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BUSINESS OF THE COMPANY HISTORICAL BACKGROUND We were incorporated on June 2, 2000 in the State of Delaware under the name NetCentral Capital Fund, Inc. We were formed as a development stage company for the specific purpose of becoming a reporting company with a class of registered securities to enable us to be in a better position to seek suitable acquisitions. On September 5, 2000, we filed a Form 10-SB General Form for Registration of Securities of Small Business Issuers. We had no operations prior to the acquisition of OJI Surgical, Inc., and we are not yet cleared by the National Association of Securities Dealers, Inc. for an unpriced quotation in the over-the-counter Bulletin Board. Upon effectiveness of this registration statement we intend to apply for such a clearance so that there is a basis for a meaningful market to permit trading in registered shares. William Tay was the sole director, officer and shareholder of NetCentral. On March 22, 2001 we acquired Valesc Inc., a New Jersey corporation ("Valesc NJ") for 8,964,008 shares of common stock, which we exchanged on a 1-for-1 basis with Valesc NJ stock. In anticipation of the acquisition, we executed a 1-for-18.04 reverse stock split that left us with 277,237 shares outstanding, and Valesc NJ executed a 2-for-1 stock split. As a result of the merger, Atlas Holdings Inc., the controlling shareholder of Valesc NJ, owned 8,458,008 or approximately 80% of our common stock at that time. Atlas Holdings was owned 50% by Jeremy Kraus, our Chairman and Chief Executive Officer, 12.5% by Garrett Miller, our Vice President and Director, 25% by Samuel Cohen, our President and Director, and 4% by Harry Kraus, the President of OJI Surgical and a Director. -21-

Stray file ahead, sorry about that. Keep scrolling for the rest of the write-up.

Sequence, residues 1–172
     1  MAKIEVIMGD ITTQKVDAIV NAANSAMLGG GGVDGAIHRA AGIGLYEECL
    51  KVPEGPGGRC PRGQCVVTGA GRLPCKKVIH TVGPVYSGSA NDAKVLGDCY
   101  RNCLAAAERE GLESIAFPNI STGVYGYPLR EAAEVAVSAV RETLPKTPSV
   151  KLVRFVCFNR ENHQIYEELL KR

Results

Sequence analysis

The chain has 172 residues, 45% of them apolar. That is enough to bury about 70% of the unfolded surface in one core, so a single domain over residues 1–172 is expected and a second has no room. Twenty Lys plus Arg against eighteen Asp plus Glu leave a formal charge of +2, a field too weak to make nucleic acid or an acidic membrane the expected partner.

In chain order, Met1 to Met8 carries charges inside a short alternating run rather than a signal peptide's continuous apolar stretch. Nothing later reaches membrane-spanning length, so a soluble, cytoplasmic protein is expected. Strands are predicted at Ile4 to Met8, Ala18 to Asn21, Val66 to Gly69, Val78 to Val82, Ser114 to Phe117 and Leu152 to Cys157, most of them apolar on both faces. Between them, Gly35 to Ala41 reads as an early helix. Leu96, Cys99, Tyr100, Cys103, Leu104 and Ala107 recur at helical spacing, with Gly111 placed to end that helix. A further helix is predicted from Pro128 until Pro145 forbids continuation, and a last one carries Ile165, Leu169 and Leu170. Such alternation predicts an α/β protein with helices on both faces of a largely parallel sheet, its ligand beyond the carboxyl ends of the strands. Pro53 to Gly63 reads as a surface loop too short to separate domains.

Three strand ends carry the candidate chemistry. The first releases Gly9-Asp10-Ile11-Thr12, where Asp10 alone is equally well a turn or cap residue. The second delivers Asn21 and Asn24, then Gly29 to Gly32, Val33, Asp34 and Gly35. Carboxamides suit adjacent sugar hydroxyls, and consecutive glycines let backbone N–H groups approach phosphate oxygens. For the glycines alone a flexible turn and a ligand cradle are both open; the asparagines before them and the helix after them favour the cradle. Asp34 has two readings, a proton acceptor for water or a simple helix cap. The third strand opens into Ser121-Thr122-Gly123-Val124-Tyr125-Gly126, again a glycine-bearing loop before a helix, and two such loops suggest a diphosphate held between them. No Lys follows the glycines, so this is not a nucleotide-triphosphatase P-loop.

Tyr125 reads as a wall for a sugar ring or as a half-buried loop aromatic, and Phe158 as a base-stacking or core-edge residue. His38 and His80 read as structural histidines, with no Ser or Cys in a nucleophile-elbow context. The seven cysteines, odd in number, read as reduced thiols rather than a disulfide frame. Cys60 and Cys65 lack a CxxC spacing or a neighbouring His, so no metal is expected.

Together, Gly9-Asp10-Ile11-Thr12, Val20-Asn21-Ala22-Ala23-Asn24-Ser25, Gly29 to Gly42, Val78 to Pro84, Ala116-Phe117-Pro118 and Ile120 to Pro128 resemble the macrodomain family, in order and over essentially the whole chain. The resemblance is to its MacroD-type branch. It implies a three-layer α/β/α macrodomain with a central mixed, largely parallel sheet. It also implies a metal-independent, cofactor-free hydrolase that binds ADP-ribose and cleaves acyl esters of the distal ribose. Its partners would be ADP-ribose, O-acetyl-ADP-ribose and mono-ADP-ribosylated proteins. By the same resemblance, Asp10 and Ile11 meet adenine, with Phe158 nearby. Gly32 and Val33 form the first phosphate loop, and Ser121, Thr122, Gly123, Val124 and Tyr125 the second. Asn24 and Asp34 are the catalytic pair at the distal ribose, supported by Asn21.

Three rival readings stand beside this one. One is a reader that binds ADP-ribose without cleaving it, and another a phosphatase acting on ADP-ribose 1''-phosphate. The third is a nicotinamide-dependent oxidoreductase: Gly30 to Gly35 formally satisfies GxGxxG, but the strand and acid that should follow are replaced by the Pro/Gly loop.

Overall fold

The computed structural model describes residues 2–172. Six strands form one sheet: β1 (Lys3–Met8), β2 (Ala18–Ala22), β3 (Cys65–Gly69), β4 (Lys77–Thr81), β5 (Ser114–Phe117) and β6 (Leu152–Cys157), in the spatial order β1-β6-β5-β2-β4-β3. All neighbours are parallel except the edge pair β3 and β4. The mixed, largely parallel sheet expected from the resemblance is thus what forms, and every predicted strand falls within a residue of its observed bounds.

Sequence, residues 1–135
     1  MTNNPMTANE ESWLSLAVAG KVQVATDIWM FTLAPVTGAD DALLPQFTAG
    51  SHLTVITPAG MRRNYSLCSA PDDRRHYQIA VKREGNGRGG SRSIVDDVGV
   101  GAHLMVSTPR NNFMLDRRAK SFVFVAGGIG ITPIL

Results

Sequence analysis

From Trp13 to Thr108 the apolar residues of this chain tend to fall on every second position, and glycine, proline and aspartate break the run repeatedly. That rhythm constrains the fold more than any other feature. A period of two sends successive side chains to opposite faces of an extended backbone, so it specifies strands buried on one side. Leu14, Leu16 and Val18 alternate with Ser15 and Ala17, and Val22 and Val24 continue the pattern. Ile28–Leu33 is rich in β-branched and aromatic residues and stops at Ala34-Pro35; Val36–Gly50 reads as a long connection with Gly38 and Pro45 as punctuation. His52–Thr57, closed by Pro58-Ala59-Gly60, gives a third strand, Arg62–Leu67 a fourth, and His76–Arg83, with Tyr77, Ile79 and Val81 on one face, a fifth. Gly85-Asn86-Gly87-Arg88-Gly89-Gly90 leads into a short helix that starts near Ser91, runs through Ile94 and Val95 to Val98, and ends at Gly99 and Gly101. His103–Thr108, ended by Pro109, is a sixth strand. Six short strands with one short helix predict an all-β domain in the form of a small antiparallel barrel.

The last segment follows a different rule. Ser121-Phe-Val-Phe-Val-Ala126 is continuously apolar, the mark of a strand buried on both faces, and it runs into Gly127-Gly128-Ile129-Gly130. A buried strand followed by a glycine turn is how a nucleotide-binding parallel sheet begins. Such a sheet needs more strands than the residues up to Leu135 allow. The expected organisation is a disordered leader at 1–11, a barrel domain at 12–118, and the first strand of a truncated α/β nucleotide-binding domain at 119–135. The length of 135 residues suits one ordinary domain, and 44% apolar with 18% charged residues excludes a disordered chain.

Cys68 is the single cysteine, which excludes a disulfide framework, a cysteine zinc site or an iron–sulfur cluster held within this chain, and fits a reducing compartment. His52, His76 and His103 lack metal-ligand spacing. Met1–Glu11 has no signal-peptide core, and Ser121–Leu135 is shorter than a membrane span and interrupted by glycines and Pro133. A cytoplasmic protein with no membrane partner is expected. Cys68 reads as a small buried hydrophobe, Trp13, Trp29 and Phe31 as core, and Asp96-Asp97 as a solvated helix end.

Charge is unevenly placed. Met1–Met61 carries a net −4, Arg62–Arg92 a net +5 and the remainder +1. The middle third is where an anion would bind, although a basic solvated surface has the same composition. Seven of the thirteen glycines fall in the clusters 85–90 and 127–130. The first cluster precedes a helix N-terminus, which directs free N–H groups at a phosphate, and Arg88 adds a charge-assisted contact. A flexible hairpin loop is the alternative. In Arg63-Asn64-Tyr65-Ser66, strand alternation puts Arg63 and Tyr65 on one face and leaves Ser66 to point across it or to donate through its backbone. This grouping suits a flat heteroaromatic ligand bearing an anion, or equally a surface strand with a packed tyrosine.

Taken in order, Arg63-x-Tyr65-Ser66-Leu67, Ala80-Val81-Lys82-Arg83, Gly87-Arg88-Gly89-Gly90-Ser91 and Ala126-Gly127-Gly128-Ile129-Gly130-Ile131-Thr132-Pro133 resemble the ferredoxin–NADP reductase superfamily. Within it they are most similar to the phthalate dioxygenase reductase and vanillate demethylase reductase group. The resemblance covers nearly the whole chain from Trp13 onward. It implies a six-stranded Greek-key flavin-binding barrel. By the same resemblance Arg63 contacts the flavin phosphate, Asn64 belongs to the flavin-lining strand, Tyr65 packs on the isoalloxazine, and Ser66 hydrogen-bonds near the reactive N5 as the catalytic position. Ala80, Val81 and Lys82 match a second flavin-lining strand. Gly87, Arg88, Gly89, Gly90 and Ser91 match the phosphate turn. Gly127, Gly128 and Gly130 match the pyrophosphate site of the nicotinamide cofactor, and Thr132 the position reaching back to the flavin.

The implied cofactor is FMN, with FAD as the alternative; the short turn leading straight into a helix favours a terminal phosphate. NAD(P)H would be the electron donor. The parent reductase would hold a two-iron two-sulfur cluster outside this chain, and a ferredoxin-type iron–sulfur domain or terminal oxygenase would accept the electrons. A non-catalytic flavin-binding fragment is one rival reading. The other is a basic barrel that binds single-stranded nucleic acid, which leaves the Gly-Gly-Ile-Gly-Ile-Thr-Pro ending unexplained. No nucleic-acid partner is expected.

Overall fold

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In connection with a simultaneous change of management upon consummation of the merger, we changed our name to Valesc Inc. The basis for our name is the Latin word VALESCO which means to grow strong. On March 22, 2001, William Tay resigned as an officer and director. Our new officers and directors are Jeremy Kraus, Samuel Cohen and Garrett Miller. On December 17, 2001, we acquired 100% of the capital stock of OJI Surgical, Inc., an Oregon corporation, from SMT Enterprises Corporation, in exchange for 266,000 shares of our common stock. OJI Surgical has been in business since 1988 and is now a wholly-owned subsidiary of Valesc. The purchase price was determined based upon a multiple of OJI's previous years' gross profits. OJI is operated by Harry Kraus, who serves as the sole director and President. Harry Kraus is the uncle of Jeremy Kraus, our Chief Executive Officer and director, and is also the owner of 31% of the outstanding capital stock of SMT. Two of our executive officers, Jeremy Kraus and Samuel Cohen, who are also shareholders and serve as directors, served as directors of SMT Enterprises Corporation until their resignation on May 17, 2002. As interested directors, Mr. Kraus and Mr. Cohen abstained from voting to authorize the acquisition of OJI on behalf of us and SMT. Edward Kraus, the President of SMT and a director and owner of 29% of the outstanding capital stock of SMT, is the father of Jeremy Kraus, our Chief Executive Officer and director. Robert Kraus, a director of SMT and owner of 25% of the outstanding capital stock of SMT, is the uncle of Jeremy Kraus, our Chief Executive Officer and director. On May 20, 2002, Atlas Holdings Inc., the holder of 82.8% of our stock on such date, was merged into us. Pursuant to the merger (a) each issued and outstanding share of the stock of Atlas was exchanged for 986.12568 shares of our common stock, for a total of 8,458,000 shares of our common stock to the Atlas shareholders, and (b) 8,458,000 shares of our common stock owned by Atlas prior to the merger were cancelled. Jeremy Kraus, our Chairman and Chief Executive Officer, Garrett Miller, our Vice President and Director, Samuel Cohen, our President and Director, and Harry Kraus, the President of our subsidiary, OJI Surgical, Inc. and a Director, owned 41%, 25%, 25% and 2%, respectively, of Atlas before the merger. As a result of the merger, they now beneficially own 34%, 21%, 21% and 2%, respectively, of our common stock. Each of the foregoing officers and Edward Kraus, who now owns 4.6% of our common stock, executed a shareholders agreement prohibiting transfers of shares except in certain circumstances and in limited amounts. The agreement also provides a right of first refusal in favor of the Company to purchase shares proposed to be transferred, which right is assignable to the other parties to the agreement at the discretion of the Company. On June 19, 2002, Harry Kraus was appointed as a director of Valesc. -22-